SOUTH AFRICA: Golden Arrow introduces electric buses to its fleet in Cape Town

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SOUTH AFRICA: Golden Arrow introduces electric buses to its fleet in Cape Town© Golden Arrow

The South African company Golden Arrow Bus Services (Gabs) has just inaugurated two new buses in Cape Town. The special feature of these public transport vehicles is that they run entirely on electric batteries.

Golden Arrow Bus Services (Gabs) is breaking new ground in public transport in South Africa. The company has put two electric buses on the road in Cape Town. This was done at a ceremony recently in the presence of Daylin Mitchell, the Western Cape Minister of Transport and Public Works. The new buses, which are being rolled out, were developed in a partnership between Chinese car manufacturer BYD and uYilo, which is providing the financial part.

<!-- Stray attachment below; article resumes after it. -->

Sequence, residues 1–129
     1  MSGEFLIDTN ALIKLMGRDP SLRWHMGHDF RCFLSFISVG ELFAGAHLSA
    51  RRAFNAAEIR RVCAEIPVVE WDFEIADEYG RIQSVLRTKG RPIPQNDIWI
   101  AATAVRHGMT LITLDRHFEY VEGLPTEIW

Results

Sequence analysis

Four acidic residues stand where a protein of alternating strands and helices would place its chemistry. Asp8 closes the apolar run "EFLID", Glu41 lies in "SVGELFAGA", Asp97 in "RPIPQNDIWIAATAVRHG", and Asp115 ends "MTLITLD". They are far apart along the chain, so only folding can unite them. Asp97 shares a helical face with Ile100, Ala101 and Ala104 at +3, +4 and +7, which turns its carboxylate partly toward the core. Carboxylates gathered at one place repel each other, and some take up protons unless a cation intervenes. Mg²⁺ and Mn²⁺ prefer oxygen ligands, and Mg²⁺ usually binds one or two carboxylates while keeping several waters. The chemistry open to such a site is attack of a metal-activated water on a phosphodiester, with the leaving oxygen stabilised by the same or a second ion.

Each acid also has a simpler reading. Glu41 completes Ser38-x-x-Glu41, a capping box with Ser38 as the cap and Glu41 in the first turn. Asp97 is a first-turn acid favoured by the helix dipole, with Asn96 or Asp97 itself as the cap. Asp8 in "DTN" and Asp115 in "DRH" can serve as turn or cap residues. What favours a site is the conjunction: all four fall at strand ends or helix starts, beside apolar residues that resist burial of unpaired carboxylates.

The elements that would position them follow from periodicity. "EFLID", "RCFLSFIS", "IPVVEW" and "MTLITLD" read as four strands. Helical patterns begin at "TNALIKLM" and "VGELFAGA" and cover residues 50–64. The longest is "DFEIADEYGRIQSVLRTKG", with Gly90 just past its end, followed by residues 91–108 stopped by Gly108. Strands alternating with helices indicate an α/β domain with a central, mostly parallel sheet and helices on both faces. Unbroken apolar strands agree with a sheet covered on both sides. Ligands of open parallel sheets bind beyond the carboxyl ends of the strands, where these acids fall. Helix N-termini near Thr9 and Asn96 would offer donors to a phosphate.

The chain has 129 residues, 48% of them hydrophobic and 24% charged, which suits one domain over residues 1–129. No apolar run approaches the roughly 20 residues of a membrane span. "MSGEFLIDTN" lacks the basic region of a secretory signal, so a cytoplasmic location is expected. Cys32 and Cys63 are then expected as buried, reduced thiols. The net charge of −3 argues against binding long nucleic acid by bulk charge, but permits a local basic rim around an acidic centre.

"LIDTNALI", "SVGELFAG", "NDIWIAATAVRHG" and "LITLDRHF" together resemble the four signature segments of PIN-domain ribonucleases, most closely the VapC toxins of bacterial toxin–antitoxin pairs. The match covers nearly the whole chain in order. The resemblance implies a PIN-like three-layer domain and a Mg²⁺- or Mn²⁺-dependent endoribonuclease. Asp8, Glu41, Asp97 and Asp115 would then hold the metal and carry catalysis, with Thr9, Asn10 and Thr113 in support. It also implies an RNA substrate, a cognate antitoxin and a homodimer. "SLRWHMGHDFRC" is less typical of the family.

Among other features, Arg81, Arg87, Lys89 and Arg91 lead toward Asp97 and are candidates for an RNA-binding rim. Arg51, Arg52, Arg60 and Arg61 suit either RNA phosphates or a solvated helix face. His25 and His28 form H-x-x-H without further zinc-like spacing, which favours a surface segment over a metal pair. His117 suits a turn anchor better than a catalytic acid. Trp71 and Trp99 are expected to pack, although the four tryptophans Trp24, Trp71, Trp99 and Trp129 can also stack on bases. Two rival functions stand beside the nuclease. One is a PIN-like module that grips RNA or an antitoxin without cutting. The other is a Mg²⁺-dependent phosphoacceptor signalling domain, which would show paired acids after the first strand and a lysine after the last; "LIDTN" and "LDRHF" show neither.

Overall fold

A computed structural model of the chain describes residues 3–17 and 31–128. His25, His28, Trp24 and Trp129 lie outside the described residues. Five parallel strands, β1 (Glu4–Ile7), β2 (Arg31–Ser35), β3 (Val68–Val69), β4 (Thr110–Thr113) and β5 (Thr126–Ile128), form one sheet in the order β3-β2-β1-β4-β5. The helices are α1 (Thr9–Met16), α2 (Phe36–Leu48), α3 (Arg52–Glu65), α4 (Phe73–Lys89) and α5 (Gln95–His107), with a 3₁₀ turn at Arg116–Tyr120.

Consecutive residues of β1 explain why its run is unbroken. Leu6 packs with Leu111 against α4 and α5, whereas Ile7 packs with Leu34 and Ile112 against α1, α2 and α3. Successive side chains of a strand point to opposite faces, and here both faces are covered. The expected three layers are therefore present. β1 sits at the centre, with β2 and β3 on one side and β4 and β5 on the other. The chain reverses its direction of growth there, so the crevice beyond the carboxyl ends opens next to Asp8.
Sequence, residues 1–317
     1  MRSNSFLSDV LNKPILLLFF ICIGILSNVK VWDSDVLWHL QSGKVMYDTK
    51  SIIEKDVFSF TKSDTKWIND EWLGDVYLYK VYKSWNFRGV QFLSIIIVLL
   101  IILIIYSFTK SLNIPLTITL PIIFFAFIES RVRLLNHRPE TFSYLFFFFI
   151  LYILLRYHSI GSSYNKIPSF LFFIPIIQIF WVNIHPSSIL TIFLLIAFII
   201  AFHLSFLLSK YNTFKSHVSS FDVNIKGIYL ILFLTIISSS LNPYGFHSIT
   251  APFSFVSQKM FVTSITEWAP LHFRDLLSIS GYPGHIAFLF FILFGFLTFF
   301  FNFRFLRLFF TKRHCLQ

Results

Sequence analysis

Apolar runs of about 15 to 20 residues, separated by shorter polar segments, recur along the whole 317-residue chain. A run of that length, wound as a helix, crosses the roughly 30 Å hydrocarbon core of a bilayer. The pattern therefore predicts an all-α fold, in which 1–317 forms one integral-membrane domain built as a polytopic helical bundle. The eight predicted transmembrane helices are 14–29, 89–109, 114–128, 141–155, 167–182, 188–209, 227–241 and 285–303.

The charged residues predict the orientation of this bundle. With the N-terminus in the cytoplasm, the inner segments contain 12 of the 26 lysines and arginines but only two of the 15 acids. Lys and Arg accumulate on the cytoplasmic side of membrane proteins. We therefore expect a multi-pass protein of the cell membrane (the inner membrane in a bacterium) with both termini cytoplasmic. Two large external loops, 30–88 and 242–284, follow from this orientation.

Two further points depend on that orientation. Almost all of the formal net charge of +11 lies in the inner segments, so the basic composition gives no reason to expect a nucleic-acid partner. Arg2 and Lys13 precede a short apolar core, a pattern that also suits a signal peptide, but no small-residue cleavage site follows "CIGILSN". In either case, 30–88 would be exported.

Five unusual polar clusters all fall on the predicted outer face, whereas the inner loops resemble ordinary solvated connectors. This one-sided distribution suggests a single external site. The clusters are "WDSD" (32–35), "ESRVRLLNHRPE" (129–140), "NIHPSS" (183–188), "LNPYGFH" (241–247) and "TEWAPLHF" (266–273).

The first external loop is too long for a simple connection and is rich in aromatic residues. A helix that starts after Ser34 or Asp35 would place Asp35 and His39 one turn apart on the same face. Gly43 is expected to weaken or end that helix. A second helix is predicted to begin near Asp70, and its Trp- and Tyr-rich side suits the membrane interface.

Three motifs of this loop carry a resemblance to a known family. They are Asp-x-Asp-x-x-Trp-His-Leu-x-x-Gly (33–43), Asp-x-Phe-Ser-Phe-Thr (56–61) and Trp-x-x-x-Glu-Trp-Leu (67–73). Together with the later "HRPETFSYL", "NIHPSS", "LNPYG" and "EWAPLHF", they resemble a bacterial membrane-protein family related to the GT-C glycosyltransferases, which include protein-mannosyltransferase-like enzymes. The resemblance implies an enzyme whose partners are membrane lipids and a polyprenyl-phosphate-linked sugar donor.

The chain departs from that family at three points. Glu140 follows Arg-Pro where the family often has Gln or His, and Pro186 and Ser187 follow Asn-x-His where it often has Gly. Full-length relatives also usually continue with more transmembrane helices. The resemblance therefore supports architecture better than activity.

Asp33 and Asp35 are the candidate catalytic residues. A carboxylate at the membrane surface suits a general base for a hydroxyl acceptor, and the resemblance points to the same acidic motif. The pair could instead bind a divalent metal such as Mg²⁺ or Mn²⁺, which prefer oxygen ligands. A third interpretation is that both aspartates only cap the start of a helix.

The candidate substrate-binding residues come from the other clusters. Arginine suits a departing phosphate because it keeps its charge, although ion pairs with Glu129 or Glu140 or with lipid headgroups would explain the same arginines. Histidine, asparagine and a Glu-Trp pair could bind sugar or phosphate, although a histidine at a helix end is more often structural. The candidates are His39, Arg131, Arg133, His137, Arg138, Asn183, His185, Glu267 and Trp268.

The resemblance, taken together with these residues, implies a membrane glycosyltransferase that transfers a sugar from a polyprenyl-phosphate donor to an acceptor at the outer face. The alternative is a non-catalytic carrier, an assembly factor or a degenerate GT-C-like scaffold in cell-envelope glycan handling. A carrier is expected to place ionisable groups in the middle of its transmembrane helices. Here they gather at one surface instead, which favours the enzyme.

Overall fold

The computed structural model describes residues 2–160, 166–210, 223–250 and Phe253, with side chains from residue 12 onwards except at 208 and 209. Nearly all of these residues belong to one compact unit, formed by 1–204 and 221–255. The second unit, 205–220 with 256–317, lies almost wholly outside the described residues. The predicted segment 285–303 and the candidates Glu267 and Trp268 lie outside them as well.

The launch of the new buses was preceded by a one-year test period. “During the first few months, we tested the buses in various circumstances, without passengers. The aim was to find out exactly how the vehicles would perform before integrating them into our operations. The testing of these vehicles has been a joy for everyone involved in the project. Every time we do a new test or reach a new milestone, the excitement level increases,” says Gideon Neethling, an engineer at Gabs.

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The new electric buses now run between the suburb of Retreat and the city centre of Cape Town. The service includes an electronic smartcard fare system, which is already in use in several sub-Saharan African capitals, including Yaoundé in Cameroon and Kigali in Rwanda with the Tap & Go system. The electric buses are part of a fleet of 1,000 buses belonging to the provincial Ministry of Transport and Public Works, managed by Gabs.

The company, headed by Francois Meyer, transports at least 250 000 people a day in a large part of the Cape Town metropolitan area. Gabs also aims to reduce its carbon footprint by focusing on electric mobility. The company has already been committed to sustainability since 2017, equipping its facilities with two small solar photovoltaic plants of 25 kWp each.

Jean Marie Takouleu 

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